Even considering that no one is fit to be president – in that no one should be able to command a state, which rules by threatening and committing violence against innocents – Hillary Clinton is especially unfit. No one who has done what she has done as a government official should be rewarded with power. Many things in her career could impose this special disqualification. Her vote for George W. Bush’s criminal and lie-based Iraq war, for example, would be more than enough to rule her out. That political ambition now prompts her to express regret for her vote should count for nothing, especially in light of what is to be discussed below. When she says she learned her lesson, she lies. Likewise, her declaration of open-season on Syrian President Assad gave a boost to the Islamic State and al-Qaeda affiliates. But if no other horrors were on her record, one should be enough to bar her from office: Libya. It would be hard to find a better example of how one person can wreak havoc on a society and create far-ranging catastrophes beyond.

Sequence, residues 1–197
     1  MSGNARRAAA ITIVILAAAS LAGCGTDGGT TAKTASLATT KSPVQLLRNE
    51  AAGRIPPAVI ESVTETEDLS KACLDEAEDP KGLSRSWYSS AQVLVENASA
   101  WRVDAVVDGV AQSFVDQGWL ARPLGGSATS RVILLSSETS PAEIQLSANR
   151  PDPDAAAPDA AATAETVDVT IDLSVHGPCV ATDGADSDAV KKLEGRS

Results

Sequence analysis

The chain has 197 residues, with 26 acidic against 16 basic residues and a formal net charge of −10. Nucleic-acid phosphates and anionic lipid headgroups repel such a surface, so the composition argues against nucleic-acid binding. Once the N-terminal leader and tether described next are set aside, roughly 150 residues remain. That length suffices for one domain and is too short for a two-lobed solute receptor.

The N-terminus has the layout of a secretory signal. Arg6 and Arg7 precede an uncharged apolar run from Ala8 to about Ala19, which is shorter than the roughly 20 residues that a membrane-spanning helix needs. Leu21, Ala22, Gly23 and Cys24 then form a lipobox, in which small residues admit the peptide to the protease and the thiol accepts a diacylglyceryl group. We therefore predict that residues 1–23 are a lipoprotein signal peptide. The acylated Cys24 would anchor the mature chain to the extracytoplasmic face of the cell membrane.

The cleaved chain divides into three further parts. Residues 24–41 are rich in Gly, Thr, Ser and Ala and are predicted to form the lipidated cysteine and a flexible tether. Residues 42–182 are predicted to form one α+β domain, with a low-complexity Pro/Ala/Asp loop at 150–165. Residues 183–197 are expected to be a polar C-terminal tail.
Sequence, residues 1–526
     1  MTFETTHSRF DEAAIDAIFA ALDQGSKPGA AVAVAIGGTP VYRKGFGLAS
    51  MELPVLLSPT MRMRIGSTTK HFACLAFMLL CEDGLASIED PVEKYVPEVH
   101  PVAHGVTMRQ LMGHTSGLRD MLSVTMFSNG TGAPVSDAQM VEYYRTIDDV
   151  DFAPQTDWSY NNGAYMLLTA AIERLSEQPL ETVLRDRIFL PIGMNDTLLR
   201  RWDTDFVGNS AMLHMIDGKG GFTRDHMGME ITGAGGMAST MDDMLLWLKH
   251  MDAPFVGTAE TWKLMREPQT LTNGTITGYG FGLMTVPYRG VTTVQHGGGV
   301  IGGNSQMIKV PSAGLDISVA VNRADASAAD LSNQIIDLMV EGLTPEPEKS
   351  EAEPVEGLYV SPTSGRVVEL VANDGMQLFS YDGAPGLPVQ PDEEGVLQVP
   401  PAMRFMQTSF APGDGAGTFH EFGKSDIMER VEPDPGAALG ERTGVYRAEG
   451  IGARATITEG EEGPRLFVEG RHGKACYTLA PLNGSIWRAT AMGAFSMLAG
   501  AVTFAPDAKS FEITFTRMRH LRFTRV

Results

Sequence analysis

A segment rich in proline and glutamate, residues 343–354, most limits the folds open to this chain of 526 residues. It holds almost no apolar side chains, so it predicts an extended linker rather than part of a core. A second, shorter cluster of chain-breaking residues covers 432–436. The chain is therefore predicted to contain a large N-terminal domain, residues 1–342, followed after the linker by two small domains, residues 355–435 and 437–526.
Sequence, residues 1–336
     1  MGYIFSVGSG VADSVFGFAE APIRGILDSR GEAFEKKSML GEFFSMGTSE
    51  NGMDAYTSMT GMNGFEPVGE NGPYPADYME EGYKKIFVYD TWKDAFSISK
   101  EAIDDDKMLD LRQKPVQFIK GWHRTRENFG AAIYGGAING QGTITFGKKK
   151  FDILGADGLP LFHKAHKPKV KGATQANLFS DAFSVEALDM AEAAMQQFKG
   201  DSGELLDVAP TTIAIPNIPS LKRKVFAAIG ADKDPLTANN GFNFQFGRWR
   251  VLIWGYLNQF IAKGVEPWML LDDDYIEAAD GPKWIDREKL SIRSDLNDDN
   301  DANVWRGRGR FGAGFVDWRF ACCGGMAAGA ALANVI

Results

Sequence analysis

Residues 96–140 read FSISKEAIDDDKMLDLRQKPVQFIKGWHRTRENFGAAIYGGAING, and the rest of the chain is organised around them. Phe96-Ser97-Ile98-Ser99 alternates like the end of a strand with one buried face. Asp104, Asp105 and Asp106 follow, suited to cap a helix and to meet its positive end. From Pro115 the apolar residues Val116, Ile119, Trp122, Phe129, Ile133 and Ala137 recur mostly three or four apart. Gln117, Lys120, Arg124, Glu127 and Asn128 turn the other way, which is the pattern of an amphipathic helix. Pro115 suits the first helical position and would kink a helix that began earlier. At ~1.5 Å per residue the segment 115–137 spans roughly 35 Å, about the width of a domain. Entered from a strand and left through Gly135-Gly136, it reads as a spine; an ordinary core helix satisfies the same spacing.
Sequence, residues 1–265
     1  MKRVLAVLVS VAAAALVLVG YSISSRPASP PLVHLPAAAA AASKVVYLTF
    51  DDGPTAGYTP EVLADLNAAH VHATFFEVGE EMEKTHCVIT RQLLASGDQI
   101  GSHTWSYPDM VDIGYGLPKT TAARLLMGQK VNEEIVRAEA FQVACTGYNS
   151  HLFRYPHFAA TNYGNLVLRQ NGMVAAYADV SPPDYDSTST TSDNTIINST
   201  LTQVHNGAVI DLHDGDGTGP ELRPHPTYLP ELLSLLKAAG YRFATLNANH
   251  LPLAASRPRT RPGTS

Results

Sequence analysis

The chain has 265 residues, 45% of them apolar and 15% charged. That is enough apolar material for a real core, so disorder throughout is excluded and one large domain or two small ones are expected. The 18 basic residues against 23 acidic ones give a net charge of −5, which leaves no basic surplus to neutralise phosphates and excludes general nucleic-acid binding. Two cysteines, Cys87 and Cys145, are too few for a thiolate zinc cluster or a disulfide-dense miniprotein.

BERLIN – Containing the scourge of Islamist terror will be impossible without containing the ideology that drives it: Wahhabism, a messianic, jihad-extolling form of Sunni fundamentalism whose international expansion has been bankrolled by oil-rich sheikhdoms, especially Saudi Arabia. That is why the newly announced Saudi-led anti-terror coalition, the Islamic Military Alliance to Fight Terrorism, should be viewed with profound skepticism. Wahhabism promotes, among other things, the subjugation of women and the death of ‘infidels.’ It is – to quote US President Barack Obama’s description of what motivated a married couple of Pakistani origin to carry out the recent mass shooting in San Bernardino, California – a ‘perverted interpretation of Islam,’ and the ideological mother of jihadist terrorism. Its offspring include Al Qaeda, the Taliban, Boko Haram, al-Shabaab, and the Islamic State, all of which blend hostility toward non-Sunnis and anti-modern romanticism into nihilistic rage. Saudi Arabia has been bankrolling Islamist terrorism since the oil-price boom of the 1970s dramatically boosted the country’s wealth. According to a 2013 European Parliament report, some of the $10 billion invested by Saudi Arabia for ‘its Wahhabi agenda’ in South and Southeast Asia was ‘diverted’ to terrorist groups, including Lashkar-e-Taiba, which carried out the 2008 Mumbai terror attacks.